Hey There, Mystery Person
Trying to vote on a comment, eh? You need an account to do that! You should totally get one! You'll get your own username and can participate in community stuff. It's awesome! Already have an account? Log in above!

The Original Venture Bros. News & Information Site

Five Years: The April Fools' Postmortem Experiment

Over the years I've run a few of April Fools' Day gags on the site. They generally revolved around a silly idea and included some modifications to the presentation of the site. The first one I did, back in April 2005, was 'The Super Milk Chan Experiment' which was a simple redesign of the site pretending that it had switched over to covering news on the extremely bizarre anime that was airing on Adult Swim at the time. The following year I reused the same joke except as 'The 12 Oz. Mouse Experiment' for a different bizarre show.

These are the actual logos used on the site those fateful days.

2007 saw nothing on April 1st followed by a few weeks of The Monarch usurping and updating the site, followed by the site being taken back by The Guild and finally 'returned' to me. The year after that I restyled the site to look like one of Adult Swim.com's more garish color schemes (floursceant oranges, pinks and yellows) and put up a bogus press release stating that the site had been aquired by them (parodying the Bear Sterns aquisition by Chase Manhattan Bank that had happened recently).

April Fools'! So much hilarity to be had (click for full sized)!

Last year I didn't run a gag mainly because I couldn't think of one that I had time to put together. So this year I wanted to put together something a little more robust to make up for that. This year's (2010) April Fools' gag wasn't really a gag in the traditional web site April 1st kind of way. It was more intended to be it's own sort of mini-ARG, though I did throw a few jokes in there for good measure.

The General Idea

Development of the entire thing took me perhaps around a month. I didn't have a super clear idea what I wanted from it, just that it was going to be a series of ridiculous quizes. The original idea was to make it some kind of Guild of Calamatous Intent recruiting site. That idea basically stuck but I slowly moved away from explicitly stating that it was a Guild operation. It went from being Guild-branded to only revealing itself at the end to containing only very vague hints. In retrospect that change may not have been the best since it removed a familiar context from what was happening. If people don't know that they are supposed to be acting one way they they may be more inclined to be honest.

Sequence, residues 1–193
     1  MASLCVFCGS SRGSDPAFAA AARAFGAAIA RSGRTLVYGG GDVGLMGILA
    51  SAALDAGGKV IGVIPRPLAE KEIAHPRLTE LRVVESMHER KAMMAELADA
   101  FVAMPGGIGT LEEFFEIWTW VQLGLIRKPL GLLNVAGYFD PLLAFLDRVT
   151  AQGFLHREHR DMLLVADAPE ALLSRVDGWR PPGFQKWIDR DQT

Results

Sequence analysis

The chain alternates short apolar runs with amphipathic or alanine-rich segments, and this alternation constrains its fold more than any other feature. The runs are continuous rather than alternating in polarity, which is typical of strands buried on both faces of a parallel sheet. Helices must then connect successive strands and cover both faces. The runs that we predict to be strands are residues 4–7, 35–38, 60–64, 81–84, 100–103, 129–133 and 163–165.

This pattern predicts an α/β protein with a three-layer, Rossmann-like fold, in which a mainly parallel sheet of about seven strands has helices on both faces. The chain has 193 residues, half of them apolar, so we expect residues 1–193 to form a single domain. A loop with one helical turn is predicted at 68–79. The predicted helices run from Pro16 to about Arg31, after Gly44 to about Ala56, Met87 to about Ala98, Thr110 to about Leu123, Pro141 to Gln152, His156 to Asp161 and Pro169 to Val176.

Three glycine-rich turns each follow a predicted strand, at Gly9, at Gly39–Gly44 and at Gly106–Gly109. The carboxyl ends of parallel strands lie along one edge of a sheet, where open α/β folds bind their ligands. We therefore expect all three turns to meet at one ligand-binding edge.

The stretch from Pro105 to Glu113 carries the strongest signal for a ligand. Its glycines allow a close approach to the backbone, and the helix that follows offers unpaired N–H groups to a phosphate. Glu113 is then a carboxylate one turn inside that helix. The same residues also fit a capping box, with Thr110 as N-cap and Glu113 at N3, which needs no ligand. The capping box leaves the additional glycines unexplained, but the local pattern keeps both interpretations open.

The site uses a lot of Javascript and AJAX calls in order to function seamlessly and without too much transparency. Having the site transition from one section to another and dynamically populate itself made it seem more interesting to me, though looking back it probably wasn't necessary and only ended up adding a lot of extra work for me.

It also implements a rudimentary mail queue system which I did to make it seem more like applicants were being pre-screened. The queue was cleared by me manually for the entire day. I wrote a quick and dirty script that told me the number of emails in the queue. I checked it several times a day and ran the send script whenever I noticed that there was mail waiting to be sent.

Most of my day looked like this.

Reception & Participation

I wasn't entirely sure what would come of this whole thing since I didn't really run it by anyone prior to launching. Obviously the biggest fear was that nobody would participate and if people did participate then nobody would complete it. The first thing ended up not being true, but the second one sadly did come true.

Just The Facts

There were a total of 72 sign ups from the initial form, however only 62 of those were legimate email addresses and 53 were unique emails (with a few people entering two or three times). So 53 people isn't too shabby for a fairly ominous looking form put up on April Fools' Day.

However, here comes the sad stats. Whenever you use the sign up form an account is created for you, with the username and password (both randomly generated) emailed to you later on. Of the 72 accounts created, 33 of them never got beyond the initial registration, meaning they never logged in an accepted the terms of service.

So what of the remaining 39 people? One single person failed on the final test ('Manifesto') and another failed on the second to last test ('Situational Reactions'). The bulk of the failures occurred in tests one and two. A total of 19 people failed during the first test and 14 more failed out of the second test. There are four remaining accounts that have not been disabled but potentially didn't actually do anything either. One person rejected the terms of use for some reason.